school garden

school garden

Sunday, 22 June 2014

The bigger picture...

Over the weekend the garden group discovered some very interesting insects. A couple of them were new to our ever growing list.  All were found close to the HQ building where the hive of activity this weekend was the very industrious sight of small black mining bees digging up sand from between the bricks.  These excavations were not made by ants but by small black bees.  These small bees were very busy digging into the sand between the bricks where the females would have laid an egg. The bee would then fly off for a few sorties gathering pollen which it stored in the hole underground for the larva to feed on once the egg had hatched.

Excavated sand between the bricks

 Bee excavating hole in the sand

Close up of one of the mining sp.bee

Hopefully we can identify this species from close up photographs. There are several small black mining bees. Andrena, Halictus and Lasioglossum are all small ground nesting bee families

At that point we can move onto the next insect.  A Nomad bee - a cleptoparasite- which preys on ground nesting bees.  This insect Nomada goodeniana waits close by and watches the female bee as she digs the burrow and lays her egg. Then while the bee is off foraging for pollen to store underground this nomad bee nips in quick and lays her egg.  A sort of cuckoo!  The nomad larva has a ready supply of pollen handy collected by somebody else!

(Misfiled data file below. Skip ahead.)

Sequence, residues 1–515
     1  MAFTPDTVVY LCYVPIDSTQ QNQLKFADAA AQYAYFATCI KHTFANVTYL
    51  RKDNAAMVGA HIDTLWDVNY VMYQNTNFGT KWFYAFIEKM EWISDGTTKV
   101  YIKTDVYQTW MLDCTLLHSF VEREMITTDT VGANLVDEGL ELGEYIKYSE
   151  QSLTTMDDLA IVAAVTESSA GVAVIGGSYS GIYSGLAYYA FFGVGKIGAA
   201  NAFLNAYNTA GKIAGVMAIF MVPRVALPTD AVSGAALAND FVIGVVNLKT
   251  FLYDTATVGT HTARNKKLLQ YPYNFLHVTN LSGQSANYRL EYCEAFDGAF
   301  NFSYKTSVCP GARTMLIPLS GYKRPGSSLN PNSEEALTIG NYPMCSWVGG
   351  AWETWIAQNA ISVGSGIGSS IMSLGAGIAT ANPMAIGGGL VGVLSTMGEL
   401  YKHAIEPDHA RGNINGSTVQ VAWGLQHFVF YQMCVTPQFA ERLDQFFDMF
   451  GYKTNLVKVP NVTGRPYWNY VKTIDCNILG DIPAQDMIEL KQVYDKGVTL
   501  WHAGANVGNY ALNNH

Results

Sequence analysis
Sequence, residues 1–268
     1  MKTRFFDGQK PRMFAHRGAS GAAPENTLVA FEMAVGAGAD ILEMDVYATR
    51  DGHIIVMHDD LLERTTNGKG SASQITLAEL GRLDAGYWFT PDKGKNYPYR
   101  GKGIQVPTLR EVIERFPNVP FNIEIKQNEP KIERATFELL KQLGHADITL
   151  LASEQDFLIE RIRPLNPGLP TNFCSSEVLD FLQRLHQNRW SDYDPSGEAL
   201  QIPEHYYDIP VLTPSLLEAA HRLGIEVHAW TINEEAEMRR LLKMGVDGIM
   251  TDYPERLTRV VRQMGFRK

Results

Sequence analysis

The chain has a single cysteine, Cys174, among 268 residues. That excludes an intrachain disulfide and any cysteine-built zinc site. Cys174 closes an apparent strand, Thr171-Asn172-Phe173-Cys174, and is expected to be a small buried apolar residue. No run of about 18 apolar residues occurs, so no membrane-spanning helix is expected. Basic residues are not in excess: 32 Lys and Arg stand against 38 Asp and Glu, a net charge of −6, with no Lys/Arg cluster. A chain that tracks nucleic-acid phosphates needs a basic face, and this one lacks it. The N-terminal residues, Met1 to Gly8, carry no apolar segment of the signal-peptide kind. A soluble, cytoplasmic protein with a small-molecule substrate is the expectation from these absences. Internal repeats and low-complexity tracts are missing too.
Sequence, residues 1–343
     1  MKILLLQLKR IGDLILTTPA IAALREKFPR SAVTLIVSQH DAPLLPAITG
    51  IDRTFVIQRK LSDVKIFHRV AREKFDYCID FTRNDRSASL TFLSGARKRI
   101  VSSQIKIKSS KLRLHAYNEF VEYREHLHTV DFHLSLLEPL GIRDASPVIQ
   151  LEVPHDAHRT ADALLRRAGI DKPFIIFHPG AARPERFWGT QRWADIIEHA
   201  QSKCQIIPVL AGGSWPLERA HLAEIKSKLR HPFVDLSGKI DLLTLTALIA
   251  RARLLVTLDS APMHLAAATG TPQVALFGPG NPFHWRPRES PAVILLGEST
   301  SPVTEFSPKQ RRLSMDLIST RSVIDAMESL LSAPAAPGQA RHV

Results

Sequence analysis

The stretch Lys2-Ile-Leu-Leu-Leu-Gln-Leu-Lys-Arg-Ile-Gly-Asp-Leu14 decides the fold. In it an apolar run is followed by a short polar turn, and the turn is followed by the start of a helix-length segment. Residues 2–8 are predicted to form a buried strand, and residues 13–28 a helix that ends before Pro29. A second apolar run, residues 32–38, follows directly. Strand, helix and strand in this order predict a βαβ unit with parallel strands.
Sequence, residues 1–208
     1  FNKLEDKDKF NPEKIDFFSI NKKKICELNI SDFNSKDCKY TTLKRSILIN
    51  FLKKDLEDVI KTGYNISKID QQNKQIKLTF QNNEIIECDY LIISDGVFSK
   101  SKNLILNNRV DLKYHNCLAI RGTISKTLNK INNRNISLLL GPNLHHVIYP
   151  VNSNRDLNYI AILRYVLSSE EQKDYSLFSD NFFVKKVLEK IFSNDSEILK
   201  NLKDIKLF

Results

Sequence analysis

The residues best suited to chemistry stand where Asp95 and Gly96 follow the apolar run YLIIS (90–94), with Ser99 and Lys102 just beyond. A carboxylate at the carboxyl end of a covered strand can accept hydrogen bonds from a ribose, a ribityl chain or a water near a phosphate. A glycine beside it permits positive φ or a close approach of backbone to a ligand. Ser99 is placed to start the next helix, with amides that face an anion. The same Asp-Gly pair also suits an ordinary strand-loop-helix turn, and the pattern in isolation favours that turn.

Nomada goodeniana- a cleptoparasite bee

The next insect was most likely Ectemnius cavifrons. This is a wasp which preys on hoverflies.  There were plenty of hoverflies around the HQ shed.  It was first spotted flying around one of the apple trees then settled on the kiwi plant.  It was a much larger insect than the previous Nomad bee. It was eventually tracked down and caught while trying to enter a small hole in the wooden structure of the HQ shed. The pictures below are from the internet.  We hope to have our own pictures in the next few days and will publish them.

Ectemnius cavifrons- a hunting wasp

Ectemnius cavifrons- hunting wasp.

Just another example of the wonderful world in which we live in.  Attention to detail and acute observation with an awareness of our surroundings reveals a lot. There is much to learn. Even in the world of insects - and these are quite small insects- there is so much interest.

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